Finally, if I give you a very straightforward set and you just can’t get those reps in, that means I miscalculated or you need some extra recovery time. All of that can be adjusted for the following week, with the right feedback.

Tell me how hard it was!


It’s that simple! If I get no feedback about difficulty, I have to assume everything felt just fine. I’ll continue progressing your exercises and weights as though the previous workout was adequate. But if you really struggled with your deadlift on Week 3 without telling me, imagine how it’s going to feel in Week 6 when I’ve added more weight or increased your reps? It can be really demoralizing to miss lifts, and neither one of us wants that.
I use the Rate of Perceived Exertion scale to make it easy for clients to let me know how a movement felt. There are a variety of ways to explain this scale, but this is my preference for beginners (or those that are new to thinking about training in this way):
RPE 10: I almost died. This set was my absolute max on this day. Couldn’t have done another rep
RPE 9: This was extremely challenging. I could maybe have done one more rep, but my form may have been sloppy.
RPE 8: Very challenging but doable. The last few reps were difficult, but I could have done 1-2 more if I had to.
RPE 7: A comfortably difficult weight. I could definitely do 3 more reps.
RPE 6: Basically a warm-up
RPE 5 and below: Don’t matter. So easy.
This is the bread and butter of client feedback. If you’re doing a workout where everything is an RPE 9-10, you can imagine the following week we’re going to back off a little bit. If you’re doing an entire workout that’s an RPE 6, it looks like we need to ramp it up for you!

Videos, life, feelings
I always leave a section in my programs for general notes. I want to know what else is going on with you. Are you super stressed at work and can’t understand why training feels terrible? I can probably guess, and now know you may need a deload. For my female clients, your cycle matters. Are you knocked out with cramps for 5 days a month? You probably don’t want to max your squat at that time. Let me know and I’ll adjust for you.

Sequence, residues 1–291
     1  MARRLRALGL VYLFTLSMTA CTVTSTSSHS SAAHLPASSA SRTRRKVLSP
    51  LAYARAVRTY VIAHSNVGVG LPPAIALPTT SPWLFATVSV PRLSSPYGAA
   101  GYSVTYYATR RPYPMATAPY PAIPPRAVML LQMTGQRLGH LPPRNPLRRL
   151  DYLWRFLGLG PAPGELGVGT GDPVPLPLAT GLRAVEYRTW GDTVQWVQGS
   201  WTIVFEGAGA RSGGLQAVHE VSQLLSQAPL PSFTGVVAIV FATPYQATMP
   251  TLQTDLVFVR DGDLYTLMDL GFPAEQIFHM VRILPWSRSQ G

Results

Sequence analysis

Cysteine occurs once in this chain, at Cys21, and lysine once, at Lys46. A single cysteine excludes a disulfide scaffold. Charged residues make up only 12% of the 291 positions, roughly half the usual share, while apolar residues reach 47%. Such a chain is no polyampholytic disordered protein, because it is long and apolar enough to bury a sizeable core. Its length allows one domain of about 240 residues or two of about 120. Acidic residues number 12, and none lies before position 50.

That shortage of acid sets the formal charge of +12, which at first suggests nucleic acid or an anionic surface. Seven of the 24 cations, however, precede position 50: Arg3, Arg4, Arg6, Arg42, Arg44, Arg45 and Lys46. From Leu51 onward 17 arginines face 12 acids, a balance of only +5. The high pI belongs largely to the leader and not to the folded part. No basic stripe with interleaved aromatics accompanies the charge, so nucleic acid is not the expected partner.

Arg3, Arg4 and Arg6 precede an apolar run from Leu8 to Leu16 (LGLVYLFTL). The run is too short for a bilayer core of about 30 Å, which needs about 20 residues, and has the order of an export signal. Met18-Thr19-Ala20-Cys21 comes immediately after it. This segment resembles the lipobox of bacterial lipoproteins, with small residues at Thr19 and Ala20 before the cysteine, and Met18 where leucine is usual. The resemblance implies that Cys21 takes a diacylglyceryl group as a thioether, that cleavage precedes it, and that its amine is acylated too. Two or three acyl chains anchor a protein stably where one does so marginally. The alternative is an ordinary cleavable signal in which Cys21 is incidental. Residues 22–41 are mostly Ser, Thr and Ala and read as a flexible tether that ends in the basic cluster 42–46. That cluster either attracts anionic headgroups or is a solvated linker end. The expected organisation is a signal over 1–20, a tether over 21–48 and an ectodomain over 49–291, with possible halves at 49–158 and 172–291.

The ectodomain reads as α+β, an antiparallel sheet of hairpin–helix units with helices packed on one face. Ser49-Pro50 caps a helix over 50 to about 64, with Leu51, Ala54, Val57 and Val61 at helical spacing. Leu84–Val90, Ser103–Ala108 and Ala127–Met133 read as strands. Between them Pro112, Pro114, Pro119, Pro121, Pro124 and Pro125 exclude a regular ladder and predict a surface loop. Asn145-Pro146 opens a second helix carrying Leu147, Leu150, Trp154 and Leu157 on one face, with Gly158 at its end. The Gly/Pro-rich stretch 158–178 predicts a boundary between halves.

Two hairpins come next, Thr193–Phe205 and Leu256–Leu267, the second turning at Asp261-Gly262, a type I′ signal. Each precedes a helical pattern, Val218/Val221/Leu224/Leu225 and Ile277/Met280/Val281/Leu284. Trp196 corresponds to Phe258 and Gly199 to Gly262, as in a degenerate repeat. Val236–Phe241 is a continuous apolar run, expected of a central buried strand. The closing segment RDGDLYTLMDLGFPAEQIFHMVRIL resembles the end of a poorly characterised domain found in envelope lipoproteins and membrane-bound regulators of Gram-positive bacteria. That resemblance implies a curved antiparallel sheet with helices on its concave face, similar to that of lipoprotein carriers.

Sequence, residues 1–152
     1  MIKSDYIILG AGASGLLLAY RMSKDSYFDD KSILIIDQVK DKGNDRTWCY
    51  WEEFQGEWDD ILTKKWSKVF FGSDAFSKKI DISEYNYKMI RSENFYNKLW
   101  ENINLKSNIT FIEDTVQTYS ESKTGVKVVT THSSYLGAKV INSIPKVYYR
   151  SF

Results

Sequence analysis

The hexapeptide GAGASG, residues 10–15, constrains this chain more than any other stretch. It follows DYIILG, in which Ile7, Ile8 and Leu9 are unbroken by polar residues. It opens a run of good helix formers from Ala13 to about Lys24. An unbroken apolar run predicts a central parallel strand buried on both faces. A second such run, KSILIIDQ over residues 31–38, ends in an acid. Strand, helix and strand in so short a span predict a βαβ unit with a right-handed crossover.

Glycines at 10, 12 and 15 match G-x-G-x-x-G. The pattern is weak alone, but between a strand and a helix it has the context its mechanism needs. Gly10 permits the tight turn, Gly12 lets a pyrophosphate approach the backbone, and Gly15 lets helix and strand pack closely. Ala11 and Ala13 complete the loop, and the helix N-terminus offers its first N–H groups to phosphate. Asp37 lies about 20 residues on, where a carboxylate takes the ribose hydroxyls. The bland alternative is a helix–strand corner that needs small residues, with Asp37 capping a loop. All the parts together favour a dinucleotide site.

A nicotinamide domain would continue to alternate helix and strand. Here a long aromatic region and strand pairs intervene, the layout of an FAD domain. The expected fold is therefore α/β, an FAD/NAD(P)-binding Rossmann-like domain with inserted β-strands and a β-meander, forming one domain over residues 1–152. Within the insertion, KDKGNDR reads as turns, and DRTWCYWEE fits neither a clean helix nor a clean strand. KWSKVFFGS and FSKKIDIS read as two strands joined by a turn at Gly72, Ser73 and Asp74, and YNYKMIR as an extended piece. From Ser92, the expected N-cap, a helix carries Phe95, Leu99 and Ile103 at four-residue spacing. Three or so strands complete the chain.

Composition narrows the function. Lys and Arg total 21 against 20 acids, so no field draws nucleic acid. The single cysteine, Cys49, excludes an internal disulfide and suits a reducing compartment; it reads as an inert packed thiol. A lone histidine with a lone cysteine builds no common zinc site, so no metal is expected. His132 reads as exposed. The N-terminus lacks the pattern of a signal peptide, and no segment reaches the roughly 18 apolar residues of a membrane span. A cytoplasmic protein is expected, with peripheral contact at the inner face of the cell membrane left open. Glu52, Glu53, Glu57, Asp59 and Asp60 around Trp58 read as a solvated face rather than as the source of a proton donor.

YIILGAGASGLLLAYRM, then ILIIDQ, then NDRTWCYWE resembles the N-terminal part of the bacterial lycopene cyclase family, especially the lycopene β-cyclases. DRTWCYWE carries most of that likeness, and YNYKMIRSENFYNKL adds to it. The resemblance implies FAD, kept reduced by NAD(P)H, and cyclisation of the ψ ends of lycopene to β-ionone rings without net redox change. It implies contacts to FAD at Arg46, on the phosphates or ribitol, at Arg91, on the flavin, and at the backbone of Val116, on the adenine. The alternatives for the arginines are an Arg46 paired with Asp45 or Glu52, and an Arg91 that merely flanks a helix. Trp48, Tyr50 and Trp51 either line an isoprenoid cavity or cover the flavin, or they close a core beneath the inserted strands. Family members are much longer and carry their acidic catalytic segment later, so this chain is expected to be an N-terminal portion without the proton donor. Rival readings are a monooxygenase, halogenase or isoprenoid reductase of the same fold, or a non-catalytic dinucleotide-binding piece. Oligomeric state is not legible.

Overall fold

Did you just LOVE deadlifting one day? I want to know that too! One of my favorite coaches always tells me to program “80% of what they need and 20% of what they want.” Knowing what you love and what you hate helps me create a program that you enjoy (and are therefore more likely to stick to).
Finally, VIDEO. I can’t be with you during every training session unfortunately. By recording your sets, I can provide a lot more information than going on RPE and comments alone. That’s where we catch your knee collapse in the deadlift and work out your weaknesses. It can also be useful to record yourself doing assistance movements that you’re unfamiliar with: I can let you know if you’re doing it totally right or very, very wrong. And you’ll only get better from there!

Conclusion? Give me as much information as possible after your training sessions. That means better training sessions in the future, that will help you reach your goals faster. It takes a little bit of extra time, but it’s worth it every time.

I’ll be continuing this series over the coming months, so stay tuned.
Next up: TRUST THE PROGRAM.